Runberg: It is challenging, but that’s what makes it exciting as a writer. What I say now might sound obvious, but no one is born good or bad, we are all the result of our own experiences, of our own lives. And people considered “evil” are still human, there’s no such thing as “monsters” among us, even if some individuals can commit monstrous acts. Munro is a war criminal but also a loving father. So I try to show what has made this character what he is now. In this case, I would associate Munro so much with Lisbeth Salander, but more with a character like Tony Soprano portrayed by James Gandolfini in the HBO show. This guy is awful, he is a brutal murderer, a mafioso, the leader of a brutal criminal organization, and still you want to follow him and sometimes you even have empathy for him. That’s what it is about with J.T. Munro in “Warship Jolly Roger.”

Q: Miki, you worked on this tale for nearly 5 years (?) from conception to conclusion. Did the story and characters develop the way you imagined they would at the beginning, or were you surprised by some of the changes and decisions you and Sylvain made along the way?

Miki Montllo: It was really interesting to see these characters evolve during the series. The way I imagined the characters when I created them was very archetypal, I tried to design them in a way that could start as familiar with the audience, and then give them a little twist. So, we have Munro as the quintessential figure of a tormented hero, Kowalski is the cynical secondary with a very ambiguous moral but plenty of charisma, Alisa is a woman who is constantly challenging herself in search for the truth, and Treize is the personification of mystery. I provided Sylvain with these “sketchy” characters, you could almost say the skeleton of their personalities, and he completed them by making them more complex, and their decisions more human. When the comic was finished, and I read it, it felt like the characters were alive, independent of my work. I have to thank Sylvain for that!

Q: Miki, this is to date one of just a few comic projects you have worked on (including an earlier volume of Sylvain’s ORBITAL series and two short stories in OVERWATCH ORIGINS); your primary professional focus is in the field of animation. Do you feel that one experience has had an influence on the other? Does your animation experience affect your comic storytelling, or vice versa?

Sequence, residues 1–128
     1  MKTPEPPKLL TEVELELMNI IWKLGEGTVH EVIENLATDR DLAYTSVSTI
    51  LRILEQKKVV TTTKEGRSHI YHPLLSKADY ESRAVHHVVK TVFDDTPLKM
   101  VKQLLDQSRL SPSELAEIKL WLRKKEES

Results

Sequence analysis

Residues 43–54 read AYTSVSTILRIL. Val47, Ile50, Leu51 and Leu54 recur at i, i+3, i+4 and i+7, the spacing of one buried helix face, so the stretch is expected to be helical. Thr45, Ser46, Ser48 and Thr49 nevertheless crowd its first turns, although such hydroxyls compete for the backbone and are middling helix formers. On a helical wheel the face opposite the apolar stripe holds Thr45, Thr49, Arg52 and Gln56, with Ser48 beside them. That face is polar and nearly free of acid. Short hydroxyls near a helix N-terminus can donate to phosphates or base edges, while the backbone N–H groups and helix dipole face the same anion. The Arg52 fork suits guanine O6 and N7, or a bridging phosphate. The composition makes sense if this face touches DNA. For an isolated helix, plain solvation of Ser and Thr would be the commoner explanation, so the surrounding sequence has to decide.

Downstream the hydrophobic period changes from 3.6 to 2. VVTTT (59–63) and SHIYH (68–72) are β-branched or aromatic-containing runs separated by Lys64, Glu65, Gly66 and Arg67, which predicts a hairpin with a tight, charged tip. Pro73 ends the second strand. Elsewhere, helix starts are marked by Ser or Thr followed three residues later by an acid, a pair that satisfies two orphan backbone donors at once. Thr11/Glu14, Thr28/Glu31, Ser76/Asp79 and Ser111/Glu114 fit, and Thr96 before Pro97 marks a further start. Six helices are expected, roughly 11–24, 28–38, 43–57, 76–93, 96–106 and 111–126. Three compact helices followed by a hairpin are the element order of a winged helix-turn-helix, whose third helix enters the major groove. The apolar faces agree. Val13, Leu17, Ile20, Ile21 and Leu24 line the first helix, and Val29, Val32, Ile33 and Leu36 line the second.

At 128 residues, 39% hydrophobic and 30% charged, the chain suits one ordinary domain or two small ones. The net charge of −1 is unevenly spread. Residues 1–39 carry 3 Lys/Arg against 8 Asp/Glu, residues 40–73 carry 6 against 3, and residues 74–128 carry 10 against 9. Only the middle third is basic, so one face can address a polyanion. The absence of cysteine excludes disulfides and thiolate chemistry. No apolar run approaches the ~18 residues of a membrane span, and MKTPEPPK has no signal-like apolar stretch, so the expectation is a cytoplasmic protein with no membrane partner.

Montllo: I really don’t know what my primary professional focus is. I’d say comics are at the same time the toughest but the most satisfying, from which I can get more control over what I do. In animation, I love the teamwork experience and the fact that I can be part of something bigger than myself. The truth is that what really interests me, even if this might sound a bit pretentious, is to create new fictional universes independent from the media I use, in order to express ideas and feelings which sometimes I’m not even aware were there. It makes me feel good to know myself better. And it sometimes even pays the bills!

More than influencing each other in terms of narrative, I would say there’s an influence in terms of methods and technique. I translate some techniques from animation to comics to be more efficient, and accidentally, to give my comics a distinct look.

Q: What can readers look forward to from each of you next? Are there any upcoming projects that you are particularly excited for, or any project ideas you hope to someday write?

Runberg: Miki and I are actually working on the adaptation of a Science Fiction story by one of the most famous Science Fiction writers in the world, an author from Asia. It will be a 120 page “hard boiled/SciFi” graphic novel, but for now, we can’t say any more, but you’ll probably hear about it soon!

[This interview is sponsored by the Magnetic Collection at Lion Forge, a sister company of The Beat.]